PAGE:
On Tuesday, April 24, a group of Seattle Colleges professors protested outside the Broadway Performance Hall before walking to their district headquarters, Siegal Center. Inside, union leaders, who professors say aren’t fully representing their needs, were bargaining. Their salaries for the next three years hung in the balance between the 0% raise professors say was initially offered by Seattle Colleges, the 15% raise the American Federation of Teachers (AFT) Seattle Local 1789 is bargaining for, and the 40% raise they say is necessary to keep them afloat during historic national inflation in a city where the cost of living is over 50% above the national average.

Continue reading Seattle Colleges Professors Protest Stagnant Salaries While Inflation Soars

What Led to an Impending Hutchinson Park Overhaul: An Advocacy Story

by Ari Robin McKenna


Following an early afternoon shooting in October 2020, where almost 70 shots were fired and five people were hit with bullets on the dead-end street between Hutchinson Park and Emerson Elementary School, neighbors were on edge.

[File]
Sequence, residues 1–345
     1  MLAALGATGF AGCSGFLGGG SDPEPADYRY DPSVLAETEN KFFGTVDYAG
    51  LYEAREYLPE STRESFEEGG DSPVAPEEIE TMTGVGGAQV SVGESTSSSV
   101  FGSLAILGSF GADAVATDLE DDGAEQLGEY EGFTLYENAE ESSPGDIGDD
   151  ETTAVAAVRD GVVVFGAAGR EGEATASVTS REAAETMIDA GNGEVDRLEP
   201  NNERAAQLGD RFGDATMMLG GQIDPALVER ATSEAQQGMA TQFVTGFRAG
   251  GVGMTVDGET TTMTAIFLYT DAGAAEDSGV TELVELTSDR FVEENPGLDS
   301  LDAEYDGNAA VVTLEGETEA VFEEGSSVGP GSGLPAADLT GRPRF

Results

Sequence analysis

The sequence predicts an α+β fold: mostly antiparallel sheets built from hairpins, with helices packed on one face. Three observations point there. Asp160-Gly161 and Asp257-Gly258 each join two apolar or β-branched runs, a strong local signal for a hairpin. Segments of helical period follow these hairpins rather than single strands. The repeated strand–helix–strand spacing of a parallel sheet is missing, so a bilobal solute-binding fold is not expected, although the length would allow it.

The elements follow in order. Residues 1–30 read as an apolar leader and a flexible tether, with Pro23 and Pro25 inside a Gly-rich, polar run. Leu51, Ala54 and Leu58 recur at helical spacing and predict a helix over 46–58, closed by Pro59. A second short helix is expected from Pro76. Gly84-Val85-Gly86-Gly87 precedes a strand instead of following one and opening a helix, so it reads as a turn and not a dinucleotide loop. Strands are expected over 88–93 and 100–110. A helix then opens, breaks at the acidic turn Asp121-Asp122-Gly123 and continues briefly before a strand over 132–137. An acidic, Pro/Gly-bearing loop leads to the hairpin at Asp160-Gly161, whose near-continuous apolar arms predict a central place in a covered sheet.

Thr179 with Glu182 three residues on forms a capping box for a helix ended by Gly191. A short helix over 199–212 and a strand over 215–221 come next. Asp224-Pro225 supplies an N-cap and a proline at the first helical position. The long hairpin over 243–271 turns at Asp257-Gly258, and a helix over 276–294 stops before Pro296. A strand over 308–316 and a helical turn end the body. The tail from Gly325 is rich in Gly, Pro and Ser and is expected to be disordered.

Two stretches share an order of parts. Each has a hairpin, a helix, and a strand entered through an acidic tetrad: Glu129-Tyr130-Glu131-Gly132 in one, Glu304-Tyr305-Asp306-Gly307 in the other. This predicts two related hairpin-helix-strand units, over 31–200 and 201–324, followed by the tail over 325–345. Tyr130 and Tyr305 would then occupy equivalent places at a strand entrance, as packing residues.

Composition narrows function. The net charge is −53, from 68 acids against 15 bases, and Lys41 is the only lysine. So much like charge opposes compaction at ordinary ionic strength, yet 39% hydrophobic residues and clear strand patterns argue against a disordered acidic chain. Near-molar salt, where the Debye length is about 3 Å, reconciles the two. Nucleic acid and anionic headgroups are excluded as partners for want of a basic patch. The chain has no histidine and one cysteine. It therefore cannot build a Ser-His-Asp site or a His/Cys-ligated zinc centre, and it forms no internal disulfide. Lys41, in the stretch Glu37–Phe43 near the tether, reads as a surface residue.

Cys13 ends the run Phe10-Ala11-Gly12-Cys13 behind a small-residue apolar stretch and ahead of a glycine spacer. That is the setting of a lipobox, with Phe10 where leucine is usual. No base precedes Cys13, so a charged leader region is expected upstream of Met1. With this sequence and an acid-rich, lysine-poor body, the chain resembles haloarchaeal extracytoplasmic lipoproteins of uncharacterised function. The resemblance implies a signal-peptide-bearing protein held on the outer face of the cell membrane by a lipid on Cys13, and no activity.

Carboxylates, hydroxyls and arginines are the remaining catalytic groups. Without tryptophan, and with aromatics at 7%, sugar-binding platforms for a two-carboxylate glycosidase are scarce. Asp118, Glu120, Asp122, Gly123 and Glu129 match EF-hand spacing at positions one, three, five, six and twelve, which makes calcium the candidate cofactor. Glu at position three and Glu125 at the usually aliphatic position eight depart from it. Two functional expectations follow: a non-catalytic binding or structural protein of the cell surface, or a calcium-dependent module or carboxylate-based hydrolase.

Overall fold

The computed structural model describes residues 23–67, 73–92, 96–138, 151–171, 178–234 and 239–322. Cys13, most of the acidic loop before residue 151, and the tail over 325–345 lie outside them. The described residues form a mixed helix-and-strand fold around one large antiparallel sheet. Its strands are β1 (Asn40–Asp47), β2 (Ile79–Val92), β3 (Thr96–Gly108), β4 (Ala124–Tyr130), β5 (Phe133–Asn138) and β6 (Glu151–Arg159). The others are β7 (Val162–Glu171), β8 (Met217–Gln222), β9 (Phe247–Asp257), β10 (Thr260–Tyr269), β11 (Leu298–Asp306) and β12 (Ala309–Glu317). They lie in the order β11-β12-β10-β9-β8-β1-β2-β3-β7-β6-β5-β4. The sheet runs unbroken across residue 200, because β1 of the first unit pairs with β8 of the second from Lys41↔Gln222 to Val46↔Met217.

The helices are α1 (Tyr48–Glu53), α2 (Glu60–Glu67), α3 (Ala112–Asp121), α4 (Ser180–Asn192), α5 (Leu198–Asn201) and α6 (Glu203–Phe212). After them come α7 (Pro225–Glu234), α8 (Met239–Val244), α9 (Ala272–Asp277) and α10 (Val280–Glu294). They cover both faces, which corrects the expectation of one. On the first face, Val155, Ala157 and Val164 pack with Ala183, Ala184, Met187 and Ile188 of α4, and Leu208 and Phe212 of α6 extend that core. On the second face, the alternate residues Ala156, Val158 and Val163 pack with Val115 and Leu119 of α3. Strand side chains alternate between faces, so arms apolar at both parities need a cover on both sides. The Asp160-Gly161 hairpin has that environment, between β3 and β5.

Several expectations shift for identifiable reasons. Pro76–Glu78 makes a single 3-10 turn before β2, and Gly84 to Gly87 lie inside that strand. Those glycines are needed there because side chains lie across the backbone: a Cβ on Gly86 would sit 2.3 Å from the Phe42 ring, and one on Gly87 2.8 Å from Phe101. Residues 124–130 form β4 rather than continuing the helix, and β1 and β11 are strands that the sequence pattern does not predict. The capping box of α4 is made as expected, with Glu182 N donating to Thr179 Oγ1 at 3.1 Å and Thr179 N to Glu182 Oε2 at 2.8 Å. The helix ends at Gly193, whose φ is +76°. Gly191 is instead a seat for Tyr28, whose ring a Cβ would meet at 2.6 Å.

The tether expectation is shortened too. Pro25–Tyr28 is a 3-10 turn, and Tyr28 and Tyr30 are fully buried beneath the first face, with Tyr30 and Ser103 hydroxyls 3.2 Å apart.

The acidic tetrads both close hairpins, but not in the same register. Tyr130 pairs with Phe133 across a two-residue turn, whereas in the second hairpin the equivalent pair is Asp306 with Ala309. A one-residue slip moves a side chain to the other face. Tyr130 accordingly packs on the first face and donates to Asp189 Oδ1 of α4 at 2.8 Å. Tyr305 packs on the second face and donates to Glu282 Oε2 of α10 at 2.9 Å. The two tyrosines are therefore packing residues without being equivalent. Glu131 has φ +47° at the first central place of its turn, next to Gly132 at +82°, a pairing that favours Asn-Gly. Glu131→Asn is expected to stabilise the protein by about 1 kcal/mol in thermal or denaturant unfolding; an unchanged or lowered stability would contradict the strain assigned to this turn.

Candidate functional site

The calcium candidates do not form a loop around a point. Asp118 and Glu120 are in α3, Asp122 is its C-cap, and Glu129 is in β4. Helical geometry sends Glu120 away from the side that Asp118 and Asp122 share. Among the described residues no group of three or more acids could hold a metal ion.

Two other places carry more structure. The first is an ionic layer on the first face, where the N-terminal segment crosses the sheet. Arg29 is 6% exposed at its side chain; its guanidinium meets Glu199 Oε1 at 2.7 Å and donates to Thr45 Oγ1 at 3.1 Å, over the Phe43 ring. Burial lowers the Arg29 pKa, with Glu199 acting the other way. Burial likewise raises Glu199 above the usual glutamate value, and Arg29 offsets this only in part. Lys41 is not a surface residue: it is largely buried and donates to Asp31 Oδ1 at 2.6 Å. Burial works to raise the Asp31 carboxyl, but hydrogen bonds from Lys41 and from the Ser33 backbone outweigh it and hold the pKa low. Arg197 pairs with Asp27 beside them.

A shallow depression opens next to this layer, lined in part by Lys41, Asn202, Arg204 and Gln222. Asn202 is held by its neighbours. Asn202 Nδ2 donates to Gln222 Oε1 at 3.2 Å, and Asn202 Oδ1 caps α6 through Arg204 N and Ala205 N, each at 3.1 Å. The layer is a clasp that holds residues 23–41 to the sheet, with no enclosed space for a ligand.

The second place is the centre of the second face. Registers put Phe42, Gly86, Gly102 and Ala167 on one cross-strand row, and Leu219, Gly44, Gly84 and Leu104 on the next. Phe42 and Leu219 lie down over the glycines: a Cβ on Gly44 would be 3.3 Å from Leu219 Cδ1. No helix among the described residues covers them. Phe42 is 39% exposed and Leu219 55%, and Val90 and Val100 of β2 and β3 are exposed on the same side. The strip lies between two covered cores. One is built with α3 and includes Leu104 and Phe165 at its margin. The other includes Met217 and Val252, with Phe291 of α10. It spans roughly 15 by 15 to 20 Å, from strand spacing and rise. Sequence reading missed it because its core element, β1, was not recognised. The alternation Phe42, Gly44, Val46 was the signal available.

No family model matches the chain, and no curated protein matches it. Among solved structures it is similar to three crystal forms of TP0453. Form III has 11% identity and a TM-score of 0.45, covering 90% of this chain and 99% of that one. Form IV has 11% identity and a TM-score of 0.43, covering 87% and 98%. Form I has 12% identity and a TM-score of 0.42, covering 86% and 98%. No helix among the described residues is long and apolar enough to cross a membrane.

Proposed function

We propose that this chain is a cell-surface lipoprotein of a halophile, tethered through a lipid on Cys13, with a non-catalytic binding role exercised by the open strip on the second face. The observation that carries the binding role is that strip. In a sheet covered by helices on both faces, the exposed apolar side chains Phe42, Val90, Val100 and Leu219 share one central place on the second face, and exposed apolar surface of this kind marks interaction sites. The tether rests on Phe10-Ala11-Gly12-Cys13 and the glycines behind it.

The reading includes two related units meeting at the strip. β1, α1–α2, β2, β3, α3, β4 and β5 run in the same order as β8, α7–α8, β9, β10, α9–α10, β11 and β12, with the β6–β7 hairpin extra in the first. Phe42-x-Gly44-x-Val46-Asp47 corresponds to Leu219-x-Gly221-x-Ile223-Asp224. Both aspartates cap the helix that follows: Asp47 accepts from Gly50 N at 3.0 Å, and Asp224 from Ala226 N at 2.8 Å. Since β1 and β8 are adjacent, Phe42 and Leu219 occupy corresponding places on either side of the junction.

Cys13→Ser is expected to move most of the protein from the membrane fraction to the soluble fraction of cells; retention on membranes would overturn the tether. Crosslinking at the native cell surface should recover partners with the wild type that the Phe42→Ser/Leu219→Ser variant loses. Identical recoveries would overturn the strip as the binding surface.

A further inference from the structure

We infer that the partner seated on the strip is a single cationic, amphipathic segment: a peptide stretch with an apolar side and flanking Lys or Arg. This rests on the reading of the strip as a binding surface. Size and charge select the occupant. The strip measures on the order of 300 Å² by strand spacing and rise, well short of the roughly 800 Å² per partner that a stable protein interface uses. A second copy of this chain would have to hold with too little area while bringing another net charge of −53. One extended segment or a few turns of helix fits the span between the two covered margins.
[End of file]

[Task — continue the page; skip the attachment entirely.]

For some, it set the tone for the nervy pandemic months that followed, the violence echoing across Hutchinson Park and its playground. Community members in this slice of Rainier Beach pined for a playground and park that reflected their hopes for public, communal space to ease the isolation of the pandemic. The Hutchinson Playground is also the playground for Emerson Elementary School students and neighborhood children, a place for play and learning.

Continue reading What Led to an Impending Hutchinson Park Overhaul: An Advocacy Story

Ballard Students of Color Say $10K Ad in the Seattle Times Makes Them Feel Less Safe

by Ari Robin McKenna


Students of Color who attend Ballard High School (BHS) say they felt less safe at school after an ad hoc group called “Friends of Keven Wynkoop” ran a full-page ad in the Sunday Seattle Times in February calling on the district to reinstate the former BHS principal. Wynkoop had been put on paid administrative leave after the district found he had retaliated against a student.

The ad, which cost $9,850, suggests that their concerns about Wynkoop’s treatment of Students of Color have been dismissed, six Students of Color told the Emerald.

Continue reading Ballard Students of Color Say $10K Ad in the Seattle Times Makes Them Feel Less Safe